4. In the 21st century, antisemitic ideas are increasingly infecting social justice movements in their attitudes towards the State of Israel (75% of whose citizens are Jews). Of course, all governments can and should be subject to robust critique. Not all criticism of Israeli governments is antisemitic. However, to call into question the right of Israel to even exist is seen by almost all Jews as quintessentially antisemitic. If it is racist to deny the peoplehood and right of collective self-determination of the Palestinian people, it is equally racist to deny the peoplehood and right of collective self-determination of the Jewish people. Further, some forms of political criticism of the State of Israel draw upon a contemporary rehash of very old, deeply ingrained ideas, images and memories that signal hatred of Jews. For example, when some pro-Palestinian protestors chant “Gas the Jews”, they imply agreement with what Hitler’s regime did in the 1940s to murder millions of Jewish men, women and children using a lethal chemical. We must be awake to these poisonous slogans, identify them and reject their influence.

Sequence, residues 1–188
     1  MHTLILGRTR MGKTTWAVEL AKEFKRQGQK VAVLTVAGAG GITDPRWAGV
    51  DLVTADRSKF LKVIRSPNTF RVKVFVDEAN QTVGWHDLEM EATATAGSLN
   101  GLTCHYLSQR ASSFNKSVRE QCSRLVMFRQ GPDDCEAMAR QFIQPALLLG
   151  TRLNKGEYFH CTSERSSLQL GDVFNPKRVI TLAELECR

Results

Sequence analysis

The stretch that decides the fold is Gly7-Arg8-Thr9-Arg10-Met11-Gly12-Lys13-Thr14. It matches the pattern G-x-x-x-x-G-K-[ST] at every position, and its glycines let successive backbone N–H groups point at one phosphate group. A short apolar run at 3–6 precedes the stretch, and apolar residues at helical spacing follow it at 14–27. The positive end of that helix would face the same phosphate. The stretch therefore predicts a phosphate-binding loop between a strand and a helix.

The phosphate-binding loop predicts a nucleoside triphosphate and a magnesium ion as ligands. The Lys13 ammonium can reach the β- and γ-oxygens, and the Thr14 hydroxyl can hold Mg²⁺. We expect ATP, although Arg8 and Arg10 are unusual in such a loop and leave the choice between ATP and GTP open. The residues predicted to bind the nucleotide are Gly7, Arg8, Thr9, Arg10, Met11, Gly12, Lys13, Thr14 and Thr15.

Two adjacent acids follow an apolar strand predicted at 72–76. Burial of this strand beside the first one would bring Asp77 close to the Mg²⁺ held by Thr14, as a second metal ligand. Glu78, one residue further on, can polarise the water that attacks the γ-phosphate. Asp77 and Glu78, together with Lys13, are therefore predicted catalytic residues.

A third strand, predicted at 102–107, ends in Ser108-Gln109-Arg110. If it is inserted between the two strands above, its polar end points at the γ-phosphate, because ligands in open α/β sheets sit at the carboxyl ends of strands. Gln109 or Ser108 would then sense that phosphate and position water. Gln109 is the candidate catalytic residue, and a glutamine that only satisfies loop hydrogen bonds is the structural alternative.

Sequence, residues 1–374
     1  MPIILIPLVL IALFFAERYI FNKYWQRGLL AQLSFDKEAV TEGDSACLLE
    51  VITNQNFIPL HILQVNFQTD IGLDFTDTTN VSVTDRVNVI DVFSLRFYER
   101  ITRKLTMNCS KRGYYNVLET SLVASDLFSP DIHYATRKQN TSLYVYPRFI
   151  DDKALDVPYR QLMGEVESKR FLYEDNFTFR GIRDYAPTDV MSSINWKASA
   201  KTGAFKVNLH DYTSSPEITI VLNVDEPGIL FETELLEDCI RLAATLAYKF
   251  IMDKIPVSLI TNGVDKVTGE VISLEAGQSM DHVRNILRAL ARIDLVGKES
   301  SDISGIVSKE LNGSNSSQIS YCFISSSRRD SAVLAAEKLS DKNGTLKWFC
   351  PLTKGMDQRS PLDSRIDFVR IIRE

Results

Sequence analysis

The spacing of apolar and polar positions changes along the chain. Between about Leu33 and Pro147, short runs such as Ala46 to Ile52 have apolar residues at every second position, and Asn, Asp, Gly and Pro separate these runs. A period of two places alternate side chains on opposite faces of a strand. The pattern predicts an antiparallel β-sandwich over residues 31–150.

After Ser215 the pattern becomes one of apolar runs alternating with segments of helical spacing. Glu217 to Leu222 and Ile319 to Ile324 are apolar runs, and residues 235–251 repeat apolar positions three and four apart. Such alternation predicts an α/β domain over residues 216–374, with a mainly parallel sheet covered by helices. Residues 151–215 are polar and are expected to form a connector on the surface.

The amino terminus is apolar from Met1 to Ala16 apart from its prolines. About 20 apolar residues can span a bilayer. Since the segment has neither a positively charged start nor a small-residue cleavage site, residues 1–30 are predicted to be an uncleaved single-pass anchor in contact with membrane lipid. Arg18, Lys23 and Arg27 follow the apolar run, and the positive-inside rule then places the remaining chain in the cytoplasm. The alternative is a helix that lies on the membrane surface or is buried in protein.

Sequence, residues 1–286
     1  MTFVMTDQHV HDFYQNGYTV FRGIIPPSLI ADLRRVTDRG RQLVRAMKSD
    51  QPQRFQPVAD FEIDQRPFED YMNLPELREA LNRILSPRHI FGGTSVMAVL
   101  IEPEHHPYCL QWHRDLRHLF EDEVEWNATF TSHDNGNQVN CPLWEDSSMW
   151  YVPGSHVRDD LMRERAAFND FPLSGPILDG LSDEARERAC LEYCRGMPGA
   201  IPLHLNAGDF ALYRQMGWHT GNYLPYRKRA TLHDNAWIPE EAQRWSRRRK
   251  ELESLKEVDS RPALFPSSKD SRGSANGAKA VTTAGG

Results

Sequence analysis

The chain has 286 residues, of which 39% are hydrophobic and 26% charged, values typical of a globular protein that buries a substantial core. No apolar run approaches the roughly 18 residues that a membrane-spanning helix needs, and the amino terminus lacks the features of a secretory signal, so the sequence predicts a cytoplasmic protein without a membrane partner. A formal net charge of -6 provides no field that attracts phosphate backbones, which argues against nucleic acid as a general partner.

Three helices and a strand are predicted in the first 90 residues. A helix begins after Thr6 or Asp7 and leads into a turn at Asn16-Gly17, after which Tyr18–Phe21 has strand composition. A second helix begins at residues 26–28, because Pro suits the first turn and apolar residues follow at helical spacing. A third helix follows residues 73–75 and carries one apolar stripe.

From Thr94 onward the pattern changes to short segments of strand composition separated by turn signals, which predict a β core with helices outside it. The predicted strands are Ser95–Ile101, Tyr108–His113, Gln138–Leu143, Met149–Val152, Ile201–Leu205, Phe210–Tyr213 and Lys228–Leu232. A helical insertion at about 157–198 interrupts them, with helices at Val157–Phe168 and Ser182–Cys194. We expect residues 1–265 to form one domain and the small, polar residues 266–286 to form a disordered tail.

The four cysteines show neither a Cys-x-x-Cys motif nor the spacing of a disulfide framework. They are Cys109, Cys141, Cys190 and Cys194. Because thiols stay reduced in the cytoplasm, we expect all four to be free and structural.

5. Hamas is not all Palestinians. Hamas is one Palestinian organisation which since 2007 has governed the territory of Gaza, which borders Israel. Hamas has a founding covenant based in an extremist Islamist ideology that calls for Israel and its majority Jewish population to be “obliterated”. In Australia and in other western countries, Hamas is listed as a terrorist organisation. Supporting Hamas is not a smart way to seek peace and security for both Palestinians and Israelis. To support Hamas is to support violence against Jews – including Hamas’ brutal and premeditated crimes of murder, rape, torture and abduction of civilians on October 7 in southern Israel.

  6. Within any national, ethnic or religious community, one can find people who do bad things. However, generalising the judgement about the bad actions of one person or subgroup to a whole nation, ethnic group or religious community is a form of prejudice, racism, bigotry. We should never judge all Palestinians by the actions of Hamas. Neither should all Jews be judged by the particular actions of any individual Jew or group of Jews or any Israeli government.